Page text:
Friday, February 1, 2008

Research Help for Non-Native Residents

Sample article from the Society's February 2001 Update newsletter.
Think you can’t find genealogical info here in Camden if you are from somewhere else? “Boy was I wrong!”

By Billie Jones

In 1997, while my mother and I were visiting my sister in Texas, my niece asked my mother, her grandmother, questions about her ancestors – who they were and where they came from. Realizing we had names of several generations but very little other information, my mother and I decided to take on a project of searching for some answers.

The timing was perfect. I had just "retired" and needed something to do so I would have an excuse not to do housework. After discussing the several known lines, we decided to begin on my maternal grandfather’s line. Surely they were not as many Courseys to research as Rabun, Hughes and Smith. [An error in judgment we have since learned]

We began with a piece of paper found in my grandmother’s Bible I received upon her death. She had listed her parents and grandparents and those of my grandfather, Odell Coursey b. April 24, 1892, Johnston, Edgefield Co., SC. His parents and grandparents were listed with a notation that his grandfather, John Franklin Coursey was a Civil War soldier.

Knowing that my grandfather was born in Edgefield County, we traveled to Edgefield to the Thompkins Library. As novices, we began to get our feet wet in the sea of information, finding few facts but learning a little about the how-to’s.

After our trip, which provided us with some other surnames and family lines connected to the Courseys, I decided to visit the State Archives to see what they had. Wanting to find out more, I began looking up census records.

One day, after several trips to Columbia, I decided to visit our local Camden Archives and Museum. I had visited it before with my children to view the exhibits in the Museum, but really had no confidence that I would find any information to help me with my Edgefield County families. After all, this is Kershaw County, and we only arrived here in 1969. BOY WAS I WRONG!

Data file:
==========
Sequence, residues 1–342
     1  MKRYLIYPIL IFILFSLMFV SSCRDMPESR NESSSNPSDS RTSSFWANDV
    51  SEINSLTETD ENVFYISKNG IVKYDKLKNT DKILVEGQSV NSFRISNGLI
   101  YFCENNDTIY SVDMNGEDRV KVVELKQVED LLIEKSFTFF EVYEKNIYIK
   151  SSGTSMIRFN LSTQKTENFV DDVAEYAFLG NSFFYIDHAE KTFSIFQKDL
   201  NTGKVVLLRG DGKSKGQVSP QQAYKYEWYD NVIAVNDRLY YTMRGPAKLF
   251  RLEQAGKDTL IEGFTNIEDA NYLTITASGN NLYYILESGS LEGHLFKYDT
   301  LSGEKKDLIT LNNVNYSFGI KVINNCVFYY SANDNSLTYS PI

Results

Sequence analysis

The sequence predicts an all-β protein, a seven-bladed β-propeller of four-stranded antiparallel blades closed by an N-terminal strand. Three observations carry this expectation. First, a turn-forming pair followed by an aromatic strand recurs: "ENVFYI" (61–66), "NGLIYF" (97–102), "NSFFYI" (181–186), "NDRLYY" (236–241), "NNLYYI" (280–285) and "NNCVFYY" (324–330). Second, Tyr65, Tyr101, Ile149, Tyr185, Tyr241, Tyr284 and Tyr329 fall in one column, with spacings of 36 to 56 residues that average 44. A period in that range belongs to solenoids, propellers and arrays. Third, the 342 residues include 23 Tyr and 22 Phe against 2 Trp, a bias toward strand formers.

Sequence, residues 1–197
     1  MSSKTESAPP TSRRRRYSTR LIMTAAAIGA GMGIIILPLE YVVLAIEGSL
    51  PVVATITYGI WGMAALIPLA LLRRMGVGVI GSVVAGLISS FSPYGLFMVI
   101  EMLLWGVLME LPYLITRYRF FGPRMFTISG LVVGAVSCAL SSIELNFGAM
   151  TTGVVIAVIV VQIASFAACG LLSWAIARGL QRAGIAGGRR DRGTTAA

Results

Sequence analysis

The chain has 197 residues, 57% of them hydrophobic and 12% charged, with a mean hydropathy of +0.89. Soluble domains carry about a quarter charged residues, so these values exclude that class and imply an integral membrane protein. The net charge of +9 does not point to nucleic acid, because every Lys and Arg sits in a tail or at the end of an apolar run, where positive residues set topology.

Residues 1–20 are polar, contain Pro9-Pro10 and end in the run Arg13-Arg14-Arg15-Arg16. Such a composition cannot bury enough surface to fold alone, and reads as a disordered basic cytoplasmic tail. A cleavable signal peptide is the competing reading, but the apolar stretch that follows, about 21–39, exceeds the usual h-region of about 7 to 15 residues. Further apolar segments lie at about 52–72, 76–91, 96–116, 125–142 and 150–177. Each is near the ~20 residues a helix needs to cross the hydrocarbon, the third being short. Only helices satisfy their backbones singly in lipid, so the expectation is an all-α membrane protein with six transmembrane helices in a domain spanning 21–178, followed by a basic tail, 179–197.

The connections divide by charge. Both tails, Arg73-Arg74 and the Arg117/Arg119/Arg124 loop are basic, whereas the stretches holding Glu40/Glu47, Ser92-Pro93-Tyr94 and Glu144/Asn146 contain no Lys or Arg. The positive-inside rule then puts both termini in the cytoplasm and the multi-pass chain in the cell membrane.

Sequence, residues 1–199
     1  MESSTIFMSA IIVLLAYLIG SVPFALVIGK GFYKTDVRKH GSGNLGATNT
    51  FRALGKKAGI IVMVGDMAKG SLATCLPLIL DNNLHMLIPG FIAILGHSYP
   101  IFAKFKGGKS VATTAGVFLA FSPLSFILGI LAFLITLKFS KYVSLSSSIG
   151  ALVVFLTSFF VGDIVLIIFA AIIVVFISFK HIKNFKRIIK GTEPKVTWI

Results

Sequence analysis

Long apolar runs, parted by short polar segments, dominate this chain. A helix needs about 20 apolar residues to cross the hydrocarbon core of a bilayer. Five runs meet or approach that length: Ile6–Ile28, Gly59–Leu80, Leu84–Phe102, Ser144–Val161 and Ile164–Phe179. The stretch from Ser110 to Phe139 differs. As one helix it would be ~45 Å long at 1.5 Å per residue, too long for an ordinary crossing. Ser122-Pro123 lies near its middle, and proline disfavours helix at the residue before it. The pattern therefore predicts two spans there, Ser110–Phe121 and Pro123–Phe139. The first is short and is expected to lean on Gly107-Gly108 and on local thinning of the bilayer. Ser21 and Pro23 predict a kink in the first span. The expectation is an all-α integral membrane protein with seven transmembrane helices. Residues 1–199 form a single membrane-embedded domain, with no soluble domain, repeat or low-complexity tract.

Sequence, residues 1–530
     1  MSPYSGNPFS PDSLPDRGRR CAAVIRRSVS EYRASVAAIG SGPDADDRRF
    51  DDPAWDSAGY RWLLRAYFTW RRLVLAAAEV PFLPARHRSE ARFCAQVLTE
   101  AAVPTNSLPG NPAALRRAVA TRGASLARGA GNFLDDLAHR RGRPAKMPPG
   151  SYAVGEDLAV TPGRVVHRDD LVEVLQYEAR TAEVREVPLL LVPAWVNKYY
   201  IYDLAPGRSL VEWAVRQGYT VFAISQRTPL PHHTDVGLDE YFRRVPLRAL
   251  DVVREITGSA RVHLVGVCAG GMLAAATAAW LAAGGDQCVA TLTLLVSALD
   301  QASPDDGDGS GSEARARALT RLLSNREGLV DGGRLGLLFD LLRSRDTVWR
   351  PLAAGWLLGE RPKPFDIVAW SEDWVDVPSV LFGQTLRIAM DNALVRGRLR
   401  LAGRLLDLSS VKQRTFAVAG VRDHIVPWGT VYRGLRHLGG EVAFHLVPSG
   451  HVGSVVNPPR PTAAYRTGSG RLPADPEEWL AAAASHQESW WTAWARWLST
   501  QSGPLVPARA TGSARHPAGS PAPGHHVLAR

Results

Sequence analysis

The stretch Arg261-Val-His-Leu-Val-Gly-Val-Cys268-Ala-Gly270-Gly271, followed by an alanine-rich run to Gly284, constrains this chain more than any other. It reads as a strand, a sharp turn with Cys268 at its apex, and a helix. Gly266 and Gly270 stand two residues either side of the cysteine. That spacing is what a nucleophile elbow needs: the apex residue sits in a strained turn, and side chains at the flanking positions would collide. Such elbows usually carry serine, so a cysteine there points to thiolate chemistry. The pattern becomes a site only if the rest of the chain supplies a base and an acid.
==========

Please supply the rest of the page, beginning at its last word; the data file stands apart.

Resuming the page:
Since that first visit, I have spent hours in the Camden Archives researching. I found that their collections contain much info, not just on Kershaw County, but on other areas of South Carolina, as well as other states that I am researching. And by far, the staff and volunteers are the most helpful of any of the libraries that I have visited.

The first thing my Mother and I did was to read the back issue of every Quill from the Old Edgefield Genealogical Society. The Archives has them on file, as well as issues of other genealogy society newletters.

Not long after I started researching seriously and had visited the State Archives for census records, the Camden Archives received copies of the microfilm of all of the SC counties 1790-1920. They also have index books for 1790-1870. And as a result of a recent contribution by Dallas Phelps, the Camden Archives now has all of the Edgefield Co. Cemetery books.

I found that the State DAR Library is housed in the Camden Archives, and found information from SCDAR Traveling Library proving relationship in an Edgefield County and Virginia line. Instead of traveling to Columbia or Edgefield, I can review abstracts of deeds in the DAR Collection. A book Edgefield Death Notices and Cemetery Records by Carlee McClendon is also a part of the DAR collection that I have used extensively.

As I was entering data into a computer file at the Archives to share my findings with other researchers, I also made a list of books at the Archives that I want to look into, filling four legal pages front and back. I don’t think I will live so long as to research all of the information found in this library that might lead to information on my many SC families.

So, I have found that the grass is not always greener on the other side of the fence. Although I still love to take trips to visit cemeteries, and get full copies of wills, I have found a real treasure right here at home – The Camden Archives and Museum, Camden, SC.

The Camden Archives and Museum, 1314 Broad Street, is open M-F from 8-5 and on the first and third Sundays monthly, 1-5.

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